- North Korea fired Hwasong-12 intermediate ballistic missile on Tuesday
- It was reportedly launched to counter S Korea-US Drills
The missile passed over northern Japan, the Japanese government said
- The missile broke into three pieces and fell into waters off Japan’s Hokkaido
- The missile fell in waters 1,180 km east of Cape Erimo on Hokkaido
- The Pentagon confirmed the missile flew over Japan but did not pose a threat to North America
UN Council Unanimously Condemns North Korea Missile Test
The UN Security Council has denounced North Korea's latest missile test, unanimously demanding that Pyongyang halt the program after a rocket was fired over Japan into the Pacific.
Following the emergency closed-door session called by the United States and Japan, Tokyo's envoy at the UN suggested that a new sanctions declaration could be issued.
"Next step starting now. We can't predict the outcome but I certainly hope it would be a strong resolution following this statement," Koro Bessho said yesterday.
The 15-member body maintained its unity after Kim Jong- Un's latest provocation, with China and Russia agreeing to sign up to a statement condemning his isolated regime's action.
Kim Jong Un Calls For More Weapon Launches
North Korean leader Kim Jong Un called for more weapon launches targeting the Pacific Ocean.
Kim expressed “great satisfaction” over the launch of Hwasong-12.
He called the launch a “meaningful prelude” to containing Guam and said North Korea would continue to watch the US demeanour before it decides future actions, Korean Central News Agency said.
N Korea Says it Launched Hwasong-12 Rocket to Counter S Korea-US Drills
North Korean leader Kim Jong Un guided a launch of its Hwasong-12 intermediate-range ballistic missile on Tuesday in a drill to counter the joint military exercises by South Korean and US militaries, the North's official KCNA news agency said on Wednesday.
"The current ballistic rocket launching drill like a real war is the first step of the military operation of the KPA in the Pacific and a meaningful prelude to containing Guam," KCNA quoted Kim as saying.
KPA stands for the Korean People's Army, the North's military.
North Korea threatened to fire four Hwasong-12 missiles into the sea near the US Pacific territory of Guam earlier this month after US President Donald Trump said the North would face "fire and fury" if it threatened the United States.
North Korea's Missile Launch Shows its Not Bluffing: Russian Lawmaker
North Korea's latest missile test shows its threat to fire four missiles into the waters near the US Pacific territory of Guam was not a bluff, a senior Russian lawmaker said on Tuesday.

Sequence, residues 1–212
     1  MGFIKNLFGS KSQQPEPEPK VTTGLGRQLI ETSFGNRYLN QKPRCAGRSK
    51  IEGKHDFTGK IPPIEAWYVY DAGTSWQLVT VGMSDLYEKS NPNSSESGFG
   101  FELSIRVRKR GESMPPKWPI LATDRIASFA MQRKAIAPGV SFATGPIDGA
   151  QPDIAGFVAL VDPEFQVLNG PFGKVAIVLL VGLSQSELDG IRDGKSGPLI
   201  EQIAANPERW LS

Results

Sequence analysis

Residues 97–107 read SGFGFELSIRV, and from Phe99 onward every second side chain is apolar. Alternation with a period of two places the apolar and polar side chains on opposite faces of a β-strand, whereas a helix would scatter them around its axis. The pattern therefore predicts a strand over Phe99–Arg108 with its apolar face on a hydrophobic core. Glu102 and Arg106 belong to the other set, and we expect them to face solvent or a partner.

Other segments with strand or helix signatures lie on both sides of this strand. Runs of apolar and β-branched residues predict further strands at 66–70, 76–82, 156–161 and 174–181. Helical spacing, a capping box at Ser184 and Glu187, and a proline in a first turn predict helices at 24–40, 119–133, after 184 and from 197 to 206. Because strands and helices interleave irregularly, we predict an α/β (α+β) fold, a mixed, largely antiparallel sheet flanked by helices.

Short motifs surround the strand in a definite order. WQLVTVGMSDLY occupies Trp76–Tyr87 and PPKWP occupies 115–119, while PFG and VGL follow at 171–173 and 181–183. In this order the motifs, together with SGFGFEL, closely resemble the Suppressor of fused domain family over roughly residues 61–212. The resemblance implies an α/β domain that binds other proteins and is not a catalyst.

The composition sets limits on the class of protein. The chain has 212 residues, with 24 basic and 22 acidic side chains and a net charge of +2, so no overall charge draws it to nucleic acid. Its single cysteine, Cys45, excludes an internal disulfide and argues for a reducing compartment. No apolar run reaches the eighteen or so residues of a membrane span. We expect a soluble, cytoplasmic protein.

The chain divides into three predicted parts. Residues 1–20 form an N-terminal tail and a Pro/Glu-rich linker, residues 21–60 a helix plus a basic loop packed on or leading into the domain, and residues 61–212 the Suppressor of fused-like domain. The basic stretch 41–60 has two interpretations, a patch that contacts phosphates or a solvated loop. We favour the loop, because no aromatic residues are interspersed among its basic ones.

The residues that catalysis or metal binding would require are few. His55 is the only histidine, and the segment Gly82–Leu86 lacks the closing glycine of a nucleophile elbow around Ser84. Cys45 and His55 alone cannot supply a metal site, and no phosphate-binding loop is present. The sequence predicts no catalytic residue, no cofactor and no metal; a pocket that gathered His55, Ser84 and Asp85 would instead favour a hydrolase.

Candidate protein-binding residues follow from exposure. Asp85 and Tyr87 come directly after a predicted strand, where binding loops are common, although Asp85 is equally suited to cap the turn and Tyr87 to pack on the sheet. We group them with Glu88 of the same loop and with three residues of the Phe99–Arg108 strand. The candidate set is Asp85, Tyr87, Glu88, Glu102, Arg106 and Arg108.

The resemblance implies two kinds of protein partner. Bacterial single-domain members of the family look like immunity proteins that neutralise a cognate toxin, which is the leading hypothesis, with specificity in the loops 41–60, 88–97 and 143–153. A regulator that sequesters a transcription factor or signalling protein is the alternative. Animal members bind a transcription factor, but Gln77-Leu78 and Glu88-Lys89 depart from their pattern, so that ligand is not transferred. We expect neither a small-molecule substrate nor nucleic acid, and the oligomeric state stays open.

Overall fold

Pyongyang fired a ballistic missile over Japan's northern Hokkaido island into the sea early on Tuesday. The test, one of the most provocative ever from the reclusive state, appeared to have been of a recently developed intermediate-range Hwasong-12 missile, experts said.
Kosachev also said that a United Nations Security Council resolution regarding North Korea's missile programme which passed this month had failed to achieve its objective, "because the situation has turned into a bilateral standoff between North Korea and the United States".
China Needs to Rachet Up Pressure: Australian PM
Australian Prime Minister Malcolm Turnbull said China, North Korea's main ally and trading partner, needed to do more.
"China has to ratchet up the pressure," Turnbull told Australian radio. "They have condemned these missiles tests like everyone else but with unique leverage comes unique responsibility."
US and South Korean Military Agree to Strongly Respond to N Korea
The top US and South Korean military officers agreed to make a strong response to North Korea's latest ballistic missile launch on Tuesday, including possible unspecified military measures, South Korea's Yonhap news agency said.
The chairmen of both countries' Joint Chiefs of Staff agreed on a phone call "to take response measures at the earliest possible time that can demonstrate the alliance's strong will including military measures," Yonhap reported, quoting the South Korean military.
The Office of the Joint Chiefs of Staff in Seoul could not be reached immediately for confirmation. A South Korean defence ministry official said there was no immediate plan to change joint military drills being conducted by the South Korean and U.S. militaries.
UNSC to Hold a Meeting
The UNSC will be holding a meeting late on Tuesday to discuss North Korea’s missile launch. North Korea fired a missile that flew over Japan and landed in waters off the northern region of Hokkaido early on Tuesday, South Korean and Japanese officials said, marking a sharp escalation of tensions on the Korean peninsula.
Japan Says North Korean Missile Likely an Intermediate Range Rocket